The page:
Therefore, a teacher in this type of situation is faced with the options of:

(1) taking the risk that the student will do it again despite an after-the-fact intervention by teachers, administrators, and parents (and they do often repeat the behavior; they're on a special behavioral plan for good reason), thus disturbing/upsetting other students and parents before the teacher has a chance to intervene, then having to deal with the behavior after the fact with the student, as well as the subsequent fallout from other students, parents and administration;

(2) sitting with the Discussion open and refreshing the page constantly the entire time it's available, hoping to catch the problem before someone else sees it; or

(3) dropping the use of Discussions as too much of a risk.

Which option would you choose? And what a shame, because Discussions is an AMAZING instructional tool.

That is why we are BEGGING to have the option to moderate discussion posts, as teachers could confidently utilize the tool with the class and still be able to intervene, reteach, and give a student another opportunity to post correctly and assure they are receiving their "free appropriate education in the least restrictive environment possible."

Canvas does such a good job with providing accommodations for our students with disabilities. A moderation option for Discussions would be a game-changer for teachers and their students with behavioral/psychological disabilities.

dheup
Community Participant

There is a 4th option... Have a "discussion" where all of the conversations are sent to the teacher via Canvas messages and then posted by the teacher. 

Yes, as Deborah Bogard points out, this is only a workaround, not a solution. It's only slightly easier than #2 staying awake 24/7 while the discussion is open 🙂

bogardde
Community Member

Thanks for trying to help. But this would be a workaround, not an option, and as a workaround it would just be too cumbersome and limited. Instructure just needs to make the Moderation option happen. The fact that it hasn't is another case where K-12 needs get put on a back burner because we just don't have the numbers or as loud of a voice as Higher Ed.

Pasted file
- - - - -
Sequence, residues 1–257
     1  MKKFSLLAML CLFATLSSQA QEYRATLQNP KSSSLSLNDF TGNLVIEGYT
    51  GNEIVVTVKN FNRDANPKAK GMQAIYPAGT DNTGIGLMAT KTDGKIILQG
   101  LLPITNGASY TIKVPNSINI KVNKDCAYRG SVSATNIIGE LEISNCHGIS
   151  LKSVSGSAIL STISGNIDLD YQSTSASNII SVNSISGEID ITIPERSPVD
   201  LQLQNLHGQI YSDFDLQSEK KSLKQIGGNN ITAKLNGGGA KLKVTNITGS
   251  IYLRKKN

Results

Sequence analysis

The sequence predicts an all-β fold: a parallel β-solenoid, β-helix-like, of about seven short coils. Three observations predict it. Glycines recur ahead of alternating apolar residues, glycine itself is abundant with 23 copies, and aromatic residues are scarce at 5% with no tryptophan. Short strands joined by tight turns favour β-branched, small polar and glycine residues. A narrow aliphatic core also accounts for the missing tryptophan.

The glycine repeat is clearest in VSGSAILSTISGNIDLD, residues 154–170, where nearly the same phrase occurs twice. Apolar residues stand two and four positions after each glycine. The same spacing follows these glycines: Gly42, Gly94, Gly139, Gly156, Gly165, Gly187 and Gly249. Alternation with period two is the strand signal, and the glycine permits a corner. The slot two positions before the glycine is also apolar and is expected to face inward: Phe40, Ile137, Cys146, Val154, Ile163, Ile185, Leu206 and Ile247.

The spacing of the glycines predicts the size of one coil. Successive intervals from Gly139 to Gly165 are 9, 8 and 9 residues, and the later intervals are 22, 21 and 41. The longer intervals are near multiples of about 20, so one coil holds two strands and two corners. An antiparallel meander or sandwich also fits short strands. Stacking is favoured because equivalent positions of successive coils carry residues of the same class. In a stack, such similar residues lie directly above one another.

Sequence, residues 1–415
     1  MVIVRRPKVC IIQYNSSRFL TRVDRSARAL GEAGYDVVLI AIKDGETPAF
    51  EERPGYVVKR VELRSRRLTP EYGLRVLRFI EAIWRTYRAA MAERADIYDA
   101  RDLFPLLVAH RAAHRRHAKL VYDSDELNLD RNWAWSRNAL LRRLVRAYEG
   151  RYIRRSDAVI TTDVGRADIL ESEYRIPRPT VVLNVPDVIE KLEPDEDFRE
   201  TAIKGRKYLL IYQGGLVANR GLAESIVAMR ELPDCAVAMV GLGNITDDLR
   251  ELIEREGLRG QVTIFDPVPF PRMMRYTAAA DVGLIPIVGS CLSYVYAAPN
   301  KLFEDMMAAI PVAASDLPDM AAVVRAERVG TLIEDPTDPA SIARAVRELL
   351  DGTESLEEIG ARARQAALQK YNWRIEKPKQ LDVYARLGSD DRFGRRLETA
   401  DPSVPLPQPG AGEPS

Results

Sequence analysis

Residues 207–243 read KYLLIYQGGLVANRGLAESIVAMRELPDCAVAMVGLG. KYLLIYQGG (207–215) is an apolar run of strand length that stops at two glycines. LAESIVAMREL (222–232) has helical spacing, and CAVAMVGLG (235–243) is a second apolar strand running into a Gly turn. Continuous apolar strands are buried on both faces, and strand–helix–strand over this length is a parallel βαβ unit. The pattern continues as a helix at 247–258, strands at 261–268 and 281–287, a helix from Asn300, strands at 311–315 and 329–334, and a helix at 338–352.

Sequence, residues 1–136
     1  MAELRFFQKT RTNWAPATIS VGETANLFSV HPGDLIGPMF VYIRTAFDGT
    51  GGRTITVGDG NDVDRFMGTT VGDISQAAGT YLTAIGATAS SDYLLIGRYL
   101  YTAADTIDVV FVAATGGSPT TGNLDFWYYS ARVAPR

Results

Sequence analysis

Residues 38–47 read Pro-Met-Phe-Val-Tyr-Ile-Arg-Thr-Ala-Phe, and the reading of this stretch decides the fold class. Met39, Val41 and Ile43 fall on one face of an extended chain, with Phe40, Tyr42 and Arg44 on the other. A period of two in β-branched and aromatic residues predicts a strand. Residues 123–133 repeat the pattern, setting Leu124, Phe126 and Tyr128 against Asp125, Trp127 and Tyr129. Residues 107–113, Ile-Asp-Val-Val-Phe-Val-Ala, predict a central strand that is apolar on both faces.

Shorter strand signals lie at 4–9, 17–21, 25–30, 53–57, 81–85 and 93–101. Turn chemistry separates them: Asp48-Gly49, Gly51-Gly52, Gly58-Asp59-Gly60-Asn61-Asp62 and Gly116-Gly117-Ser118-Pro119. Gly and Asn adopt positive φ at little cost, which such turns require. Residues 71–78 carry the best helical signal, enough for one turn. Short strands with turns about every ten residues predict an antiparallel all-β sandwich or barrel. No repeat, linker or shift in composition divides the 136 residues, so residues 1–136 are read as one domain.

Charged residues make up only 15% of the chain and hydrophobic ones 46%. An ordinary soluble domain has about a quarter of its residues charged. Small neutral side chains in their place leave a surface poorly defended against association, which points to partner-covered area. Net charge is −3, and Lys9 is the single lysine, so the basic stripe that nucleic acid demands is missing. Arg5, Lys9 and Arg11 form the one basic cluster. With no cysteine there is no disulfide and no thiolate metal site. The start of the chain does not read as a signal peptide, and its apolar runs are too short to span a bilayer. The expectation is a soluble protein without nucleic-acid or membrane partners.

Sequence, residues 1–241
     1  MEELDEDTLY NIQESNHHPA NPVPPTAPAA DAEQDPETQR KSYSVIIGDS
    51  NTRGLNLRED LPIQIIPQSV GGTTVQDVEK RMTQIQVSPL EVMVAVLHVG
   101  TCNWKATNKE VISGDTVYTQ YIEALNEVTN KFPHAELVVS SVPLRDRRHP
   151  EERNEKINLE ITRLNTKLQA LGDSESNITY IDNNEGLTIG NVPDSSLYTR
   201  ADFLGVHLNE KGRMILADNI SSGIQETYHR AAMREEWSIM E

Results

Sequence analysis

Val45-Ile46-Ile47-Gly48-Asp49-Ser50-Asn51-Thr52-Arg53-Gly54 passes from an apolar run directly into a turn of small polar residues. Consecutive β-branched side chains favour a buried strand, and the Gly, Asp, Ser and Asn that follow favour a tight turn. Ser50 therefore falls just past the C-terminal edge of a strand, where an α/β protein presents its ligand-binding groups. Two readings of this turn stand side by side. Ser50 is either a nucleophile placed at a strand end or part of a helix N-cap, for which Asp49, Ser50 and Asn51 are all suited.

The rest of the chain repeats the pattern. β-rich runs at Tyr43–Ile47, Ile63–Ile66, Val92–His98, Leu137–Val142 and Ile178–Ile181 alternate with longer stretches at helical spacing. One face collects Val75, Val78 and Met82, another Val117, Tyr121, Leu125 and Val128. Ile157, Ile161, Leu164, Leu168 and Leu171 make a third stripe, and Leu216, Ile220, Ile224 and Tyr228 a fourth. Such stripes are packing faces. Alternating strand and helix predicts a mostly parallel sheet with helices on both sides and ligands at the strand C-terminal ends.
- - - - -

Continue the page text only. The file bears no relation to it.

whiteheado
New Member

This would be such a helpful feature to have. Working in a school wellbeing team, we would really like to have this option in order to avoid students posting discussion points as a way of reaching out for help. We have chosen not to use the discussion board tool in order to avoid oversharing and risking the possibility of students posting concerning and detrimental messages which effect their peers. 

Thanks!

samplejm
New Member

Having moderation as an option does not create work for a teacher unless they opt for it. In an elementary setting students are still learning to use appropriate language and some students struggle with behavior. Parents are also more likely to react to inappropriate comments. Justly so, I believe, and as we are placed in an en loco parentis status we need to up hold high standards. The ability to review comments allows the opportunity to help students learn self-control without causing them embarrasment, while protecting the greater learning community from potential harassment, and exporsure to questionable content. Further, in the current virtual learning enviroment, school remedies are harder to enforce. It would be ashame for the genneral classroom population to lose out on the opprotunities that discussion supplies because a teacher is not able to moderate responses and one or two students continually abuse the discussion and the teacher is forced to end it.

kevin_jackson
New Member

I would love to have the option to turn on moderation so that comments must be approved before being published. I don't need it in every discussion, so that's why I would like the option to exist.

anoll
New Member

We just had a demo of the Canvas LMS and this question came up within 2 seconds of seeing the Discussion tool. We will be using the LMS in grades k-12. Moderating discussions is necessary, Discussions will not be used in many instances where it would be an effective learning tool without this capability. With all due respect I'll say: if you don't know why we need this, you don't teach middle school. 🙂

scotchcollege15
New Member

I am writing this from lock-down and we are using discussion posts to keep connected to student who live far from school. Students are posting photos and videos so the risks of accidental or deliberate harm are high enough to require moderation.

This previous proposal as an optional add on. would work.

  1. All unmoderated
  2. All moderated
  3. Instructor selects individuals whose posts are moderated, all others unmoderated
  4. Instructor selects individuals who are blocked from posting

In a school setting the absence of a moderation feature makes open discussion forums a high risk of inappropriate content or behaviour. My request would be bump it up in priority, it is a must.

kjuul
New Member

As a teacher, I would also appreciate being able to moderate, remove, and flag posts made by students. 

degresham
New Member

Yes, please consider the option for the teacher to approve posts beforehand! I have students who push the envelope on their posts and I would like to be able to discuss with students proactively, when needed. I may try to use FlipGrid instead since it has this feature included. Thank you for considering!

EmelieT
New Member

I agree that there should be a filter, to review discussion posts BEFORE they are posted. Thank you for your comment!